Challenge of purchasing a second home
December 16, 2003
One of life’s most daunting challenges is purchasing a home. Even more daunting, perhaps, is the purchasing or building of a vacation home. One Vail Valley-based company with extensive experience in residential resort properties is East West Partners (EWP).
A Colorado fixture for more than 15 years, East West Partners has developed a wide range of residential communities and properties. Those such as Mountain Star and major components of Beaver Creek Village were designed for the high-end market, while such EWP projects as Eagle Ranch were designed for a broader market.
In neighboring Summit County, East West Partners has been responsible for The Reserve at Frisco, a family-oriented community of more than 100 single homes, and the redevelopment of The Village at Breckenridge (now Main Street Square and Main Street Station).
More recently, East West entered the downtown Denver market with the development of the highly acclaimed Riverfront Plaza. It is also involved with projects at Lake Tahoe’s NorthStar resort.
Among current Vail Valley projects are several at Bachelor Gulch, exclusive on-mountain resort community situated midway between Bachelor Gulch Village and Arrowhead Village. Directing the Bachelor Gulch developments is Jim Telling, a partner with EWP who joined the company in 1987. Telling has served as project manager for several of EWP’s Vail Valley residential projects, including the 40 single-family homes of Bentgrass at Cordillera.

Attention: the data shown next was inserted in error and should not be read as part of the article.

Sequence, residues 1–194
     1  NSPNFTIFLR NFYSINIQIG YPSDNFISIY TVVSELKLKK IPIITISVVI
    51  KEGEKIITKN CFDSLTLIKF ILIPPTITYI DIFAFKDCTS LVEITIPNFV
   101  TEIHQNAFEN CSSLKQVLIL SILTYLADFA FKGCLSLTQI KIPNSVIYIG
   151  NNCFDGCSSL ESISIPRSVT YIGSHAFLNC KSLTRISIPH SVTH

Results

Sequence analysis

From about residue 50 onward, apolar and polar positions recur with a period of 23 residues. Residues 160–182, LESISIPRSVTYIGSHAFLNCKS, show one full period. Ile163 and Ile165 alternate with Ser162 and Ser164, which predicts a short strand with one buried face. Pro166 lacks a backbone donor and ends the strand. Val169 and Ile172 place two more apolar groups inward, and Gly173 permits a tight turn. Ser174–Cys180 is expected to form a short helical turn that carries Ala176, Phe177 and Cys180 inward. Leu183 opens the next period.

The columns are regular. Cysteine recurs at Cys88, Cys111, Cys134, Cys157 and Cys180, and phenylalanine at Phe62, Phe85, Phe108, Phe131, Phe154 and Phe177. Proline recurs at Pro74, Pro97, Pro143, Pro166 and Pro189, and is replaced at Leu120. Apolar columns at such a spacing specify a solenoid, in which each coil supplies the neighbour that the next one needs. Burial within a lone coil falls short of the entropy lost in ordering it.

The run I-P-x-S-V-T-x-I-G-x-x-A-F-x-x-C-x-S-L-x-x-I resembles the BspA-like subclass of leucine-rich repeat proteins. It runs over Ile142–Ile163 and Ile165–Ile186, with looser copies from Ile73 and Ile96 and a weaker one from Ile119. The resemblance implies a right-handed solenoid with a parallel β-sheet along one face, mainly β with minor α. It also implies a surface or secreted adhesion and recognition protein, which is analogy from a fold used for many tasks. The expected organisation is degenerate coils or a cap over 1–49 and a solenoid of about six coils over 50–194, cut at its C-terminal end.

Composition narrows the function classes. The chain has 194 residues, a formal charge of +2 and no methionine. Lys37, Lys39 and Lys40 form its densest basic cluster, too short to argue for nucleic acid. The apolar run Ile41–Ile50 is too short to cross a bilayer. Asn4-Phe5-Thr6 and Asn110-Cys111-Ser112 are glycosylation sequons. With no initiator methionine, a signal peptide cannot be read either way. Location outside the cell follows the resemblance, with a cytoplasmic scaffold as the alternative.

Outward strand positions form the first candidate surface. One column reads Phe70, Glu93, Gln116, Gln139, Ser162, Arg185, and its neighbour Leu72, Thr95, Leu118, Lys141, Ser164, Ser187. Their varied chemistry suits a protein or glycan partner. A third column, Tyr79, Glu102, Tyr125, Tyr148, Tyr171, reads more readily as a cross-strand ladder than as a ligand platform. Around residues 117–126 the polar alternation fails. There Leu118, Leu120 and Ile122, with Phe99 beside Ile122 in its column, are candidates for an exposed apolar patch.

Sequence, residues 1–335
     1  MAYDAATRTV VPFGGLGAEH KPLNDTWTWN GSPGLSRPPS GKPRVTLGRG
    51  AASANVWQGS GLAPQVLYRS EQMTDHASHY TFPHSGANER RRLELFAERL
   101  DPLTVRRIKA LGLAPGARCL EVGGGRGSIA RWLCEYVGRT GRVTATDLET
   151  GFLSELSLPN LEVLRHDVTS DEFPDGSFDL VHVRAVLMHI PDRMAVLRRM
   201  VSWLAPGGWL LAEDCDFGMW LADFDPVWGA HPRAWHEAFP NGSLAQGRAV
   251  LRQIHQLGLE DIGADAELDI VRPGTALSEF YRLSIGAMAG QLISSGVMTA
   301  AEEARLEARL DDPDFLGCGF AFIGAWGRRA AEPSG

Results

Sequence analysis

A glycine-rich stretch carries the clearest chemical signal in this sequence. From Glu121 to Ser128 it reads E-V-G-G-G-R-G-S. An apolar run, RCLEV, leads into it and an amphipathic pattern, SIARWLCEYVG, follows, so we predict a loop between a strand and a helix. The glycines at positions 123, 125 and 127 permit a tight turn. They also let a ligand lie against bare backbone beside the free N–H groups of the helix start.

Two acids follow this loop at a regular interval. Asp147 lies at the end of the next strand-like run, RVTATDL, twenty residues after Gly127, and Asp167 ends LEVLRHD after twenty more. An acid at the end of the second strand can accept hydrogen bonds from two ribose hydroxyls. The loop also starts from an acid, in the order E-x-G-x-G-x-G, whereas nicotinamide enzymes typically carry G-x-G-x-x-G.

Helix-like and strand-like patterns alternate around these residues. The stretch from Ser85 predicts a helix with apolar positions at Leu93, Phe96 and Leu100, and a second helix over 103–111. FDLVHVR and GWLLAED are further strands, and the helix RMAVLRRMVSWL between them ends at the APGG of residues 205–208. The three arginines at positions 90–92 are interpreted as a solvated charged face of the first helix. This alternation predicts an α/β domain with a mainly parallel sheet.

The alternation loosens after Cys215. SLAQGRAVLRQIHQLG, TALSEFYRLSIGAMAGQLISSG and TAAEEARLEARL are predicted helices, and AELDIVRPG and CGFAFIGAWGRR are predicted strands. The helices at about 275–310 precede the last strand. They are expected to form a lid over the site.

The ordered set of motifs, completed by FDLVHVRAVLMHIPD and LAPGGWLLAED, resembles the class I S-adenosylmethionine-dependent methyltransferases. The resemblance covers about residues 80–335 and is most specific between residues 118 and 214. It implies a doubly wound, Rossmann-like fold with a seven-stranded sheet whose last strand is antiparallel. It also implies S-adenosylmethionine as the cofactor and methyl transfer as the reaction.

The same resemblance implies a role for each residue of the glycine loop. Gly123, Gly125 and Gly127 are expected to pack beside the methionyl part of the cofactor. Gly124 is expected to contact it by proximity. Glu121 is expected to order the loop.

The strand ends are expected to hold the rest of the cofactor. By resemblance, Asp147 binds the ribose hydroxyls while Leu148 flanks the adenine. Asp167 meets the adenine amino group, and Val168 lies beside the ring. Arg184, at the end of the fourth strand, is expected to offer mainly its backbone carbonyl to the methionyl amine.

Telling’s Bachelor Gulch projects are varied, including the single-family clustered homes of Deer Trail, the condominium residences of Bear Paw Lodge, the townhomes of Buckhorn and Quartermoon, the condominiums of Bachelor Gulch Village’s Snow Cloud, and the proposed Horizon Pass, a mixture of townhomes and condominiums.
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Of the finished projects, virtually each sold out shortly before completion. And the two remaining projects still under constructio – Bear Paw Lodge and Snow Cloud – are rapidly selling out. Bear Paw Lodge, for example, has only four of its 53 residences available.
Through his extensive experience with a variety of successful East West
Partners’ residential projects, Telling and his team have become attuned to buyers tastes and market trends in the Vail Valley. His experience has been enhanced by the feedback he constantly receives from veteran Vail Valley Realtors, architects, designers and, above all, clients.
Many of Telling’s observations can be helpful to those considering building or purchasing a property in this region. Telling said East West Partners has some basic tenets it follows when deciding to embark on a new project, and many of these would be just as applicable to an individual buyer or builder.
LOCATION: Factors considered when East West embarks on a new project begin with the actual piece of ground. “‘Location, location, location’ is the primary factor that still applies to successful development,” said Telling. The homes of Bentgrass, for example, border the first and 18th fairways of the Mountain Course. As well, the clubhouse is in easy walking distance and each home enjoys magnificent golf course and mountain views. At Bachelor Gulch, all East West projects feature direct ski/in ski out locations, along with spectacularly long views of the Gore Range and Vail Valley.